In the beginning, photography is a lot like any other art: you typically start out with some pretty rudimentary equipment. If you play drums, for example, you might grab a cheap kit off Craigslist, or a hand-me-down from a sibling who’s moved on. It’s probably got just the basics: a tom or two, kick drum, a few crappy cymbals, a snare. Most photographers start out the same way, with an equally simple camera. Maybe it’s that old Pentax SLR you dug out from your parents’ closet. Or maybe it’s an old Polaroid from your favorite thrift store.

Then come the upgrades. As a drummer, you graduate to a better grade of wood for your shells, thicker cymbals with richer timbres, drum heads that thump more thunderously, an-ever growing collection of snare drums that snap and crack in different ways. Same thing goes as you travel down the path of the photographic arts—you start collecting various lenses, extra bodies, flashes, cable releases, tripods, and so on.

In the third stage, you may find yourself in the weeds. For that hapless drummer, maybe you’ve added a roto-tom, chimes, various sticks, brushes and mallets, even more cymbals, the dreaded double kick pedal, maybe even an electronic drum pad or some other enhancement. Same for the photographer: that flash needs a diffuser (or two, or three); those lenses need polarizing filters; you may have even acquired a full studio light kit complete with various shears and fabrics to shade the light just so. What may have, at one point, been a rig you could throw in a bag or a hatchback and head off into the wild blue yonder, is now its own small city of stuff, with endless combinations and fine-tuning.

The point being, all that crap can start to get a little overwhelming. Of course, it’s all in good faith; the desire to continually expand the boundaries of one’s craft is admirable and should be pursued at (quite literally sometimes) all costs. But I think anyone who has accumulated all that gear can attest to how intimidating the collection can become. As the old maxim reminds us—that which we own can end up owning us.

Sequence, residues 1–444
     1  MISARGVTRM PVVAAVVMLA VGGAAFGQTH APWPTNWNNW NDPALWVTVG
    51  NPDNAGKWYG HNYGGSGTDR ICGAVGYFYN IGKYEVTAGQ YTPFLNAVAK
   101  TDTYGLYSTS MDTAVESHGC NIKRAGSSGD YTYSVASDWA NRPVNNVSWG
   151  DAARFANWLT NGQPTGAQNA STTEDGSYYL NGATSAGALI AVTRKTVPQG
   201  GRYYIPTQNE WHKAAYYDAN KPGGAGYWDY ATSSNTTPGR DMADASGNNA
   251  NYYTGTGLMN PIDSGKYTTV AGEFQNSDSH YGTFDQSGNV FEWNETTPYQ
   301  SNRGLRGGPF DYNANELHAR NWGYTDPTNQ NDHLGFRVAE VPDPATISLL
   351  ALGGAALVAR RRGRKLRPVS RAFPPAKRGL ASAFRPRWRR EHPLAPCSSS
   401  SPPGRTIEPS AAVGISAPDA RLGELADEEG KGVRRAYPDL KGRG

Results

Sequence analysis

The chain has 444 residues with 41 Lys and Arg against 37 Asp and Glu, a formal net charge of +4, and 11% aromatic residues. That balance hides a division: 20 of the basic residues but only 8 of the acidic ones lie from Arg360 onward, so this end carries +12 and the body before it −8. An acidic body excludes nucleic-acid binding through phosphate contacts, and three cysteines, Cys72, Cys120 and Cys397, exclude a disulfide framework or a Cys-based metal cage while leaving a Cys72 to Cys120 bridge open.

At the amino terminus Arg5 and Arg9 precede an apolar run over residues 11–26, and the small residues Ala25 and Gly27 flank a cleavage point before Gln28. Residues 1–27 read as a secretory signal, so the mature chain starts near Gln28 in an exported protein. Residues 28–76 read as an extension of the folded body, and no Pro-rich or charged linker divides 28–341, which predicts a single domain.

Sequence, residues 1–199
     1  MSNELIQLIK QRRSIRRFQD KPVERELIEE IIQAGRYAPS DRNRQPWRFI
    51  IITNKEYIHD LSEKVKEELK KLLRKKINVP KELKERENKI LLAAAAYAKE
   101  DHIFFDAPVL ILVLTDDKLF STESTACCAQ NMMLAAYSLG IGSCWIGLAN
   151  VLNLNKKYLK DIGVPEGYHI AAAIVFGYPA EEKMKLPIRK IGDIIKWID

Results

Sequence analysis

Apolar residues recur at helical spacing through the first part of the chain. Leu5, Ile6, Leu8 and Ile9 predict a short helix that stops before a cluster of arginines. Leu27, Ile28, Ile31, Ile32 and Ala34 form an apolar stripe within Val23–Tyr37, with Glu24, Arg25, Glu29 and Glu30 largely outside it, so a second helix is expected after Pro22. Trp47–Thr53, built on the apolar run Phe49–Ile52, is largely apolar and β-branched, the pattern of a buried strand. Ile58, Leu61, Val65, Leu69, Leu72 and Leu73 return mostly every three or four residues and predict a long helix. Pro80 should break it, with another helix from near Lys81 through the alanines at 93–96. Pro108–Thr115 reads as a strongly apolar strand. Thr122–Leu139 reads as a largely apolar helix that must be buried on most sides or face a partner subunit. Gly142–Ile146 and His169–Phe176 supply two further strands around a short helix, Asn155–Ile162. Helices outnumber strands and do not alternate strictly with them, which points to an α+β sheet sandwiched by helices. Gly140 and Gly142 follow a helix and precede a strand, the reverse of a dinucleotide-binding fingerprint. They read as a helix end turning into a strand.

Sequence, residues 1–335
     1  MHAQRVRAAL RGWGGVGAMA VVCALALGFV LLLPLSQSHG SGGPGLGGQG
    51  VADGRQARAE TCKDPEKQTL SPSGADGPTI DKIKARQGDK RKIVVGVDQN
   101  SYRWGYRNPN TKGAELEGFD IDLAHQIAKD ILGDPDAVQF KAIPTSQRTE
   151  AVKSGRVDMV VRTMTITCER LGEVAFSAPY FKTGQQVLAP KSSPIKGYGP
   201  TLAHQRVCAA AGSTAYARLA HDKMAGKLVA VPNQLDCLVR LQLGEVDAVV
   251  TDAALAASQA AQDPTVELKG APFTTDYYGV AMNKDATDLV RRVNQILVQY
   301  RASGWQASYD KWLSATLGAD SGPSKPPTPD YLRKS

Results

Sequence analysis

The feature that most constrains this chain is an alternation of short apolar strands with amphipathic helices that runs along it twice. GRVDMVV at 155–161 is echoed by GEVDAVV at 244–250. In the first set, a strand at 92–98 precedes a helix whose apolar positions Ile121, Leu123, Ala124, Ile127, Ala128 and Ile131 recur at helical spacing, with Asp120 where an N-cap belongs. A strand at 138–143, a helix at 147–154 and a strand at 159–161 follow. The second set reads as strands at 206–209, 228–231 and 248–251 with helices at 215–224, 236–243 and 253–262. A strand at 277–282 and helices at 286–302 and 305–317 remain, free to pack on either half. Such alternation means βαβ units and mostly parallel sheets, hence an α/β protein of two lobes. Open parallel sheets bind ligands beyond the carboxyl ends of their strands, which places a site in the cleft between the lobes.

Which is why I was so delighted, upon perusing my own favorite thrift store recently (the Red White and Blue on Lapalco Boulevard), to find a Bell & Howell point-and-shoot film camera. It was absolutely nothing special, more like something you would’ve gotten free with a magazine subscription or an “As Seen on TV” purchase. As I picked it out of the pile of similarly discarded and outdated bodies, I marveled at this particular camera’s simplicity. With its fixed lens and plastic gears, it contained not a single electronic component and hence, didn’t even require a battery. Just pop in a roll of 35mm film and you’re on your way. It cost $7.

There’s nothing like throwing off the shackles of high-end equipment and accessories and shooting with such a simple contraption, being reminded that the most important part of photography will always happen on the outside of the camera, i.e. your subjects and the light that surrounds them. With this $7 camera, all I can do is point and click: no setting the aperture or shutter speed, no additional light, no focusing. There’s something to be said for, as one might say, “giving it up to God,” and letting the process take its own path, with only the lightest initial push by human hands.

In this year’s photo issue, you’ll find a variety of images shot with a variety of instruments. And while I certainly appreciate the lengths our photographers have gone in order to evolve their art, as well as the attachment they feel to their favorite camera, hopefully you’ll see that it’s not about the gear or the pedigree, but the passion we all have for this crazy medium, and the way it reflects back to us a very beautiful, natural humanity. —Dan Fox

Top photo: Demolition of the Times-Picayune Building, July 2019, by Dan Fox

Cover photo of Jude Matthews, outside of Checkpoint Charlie’s (Mardi Gras Day 2019) by Adrienne Battistella

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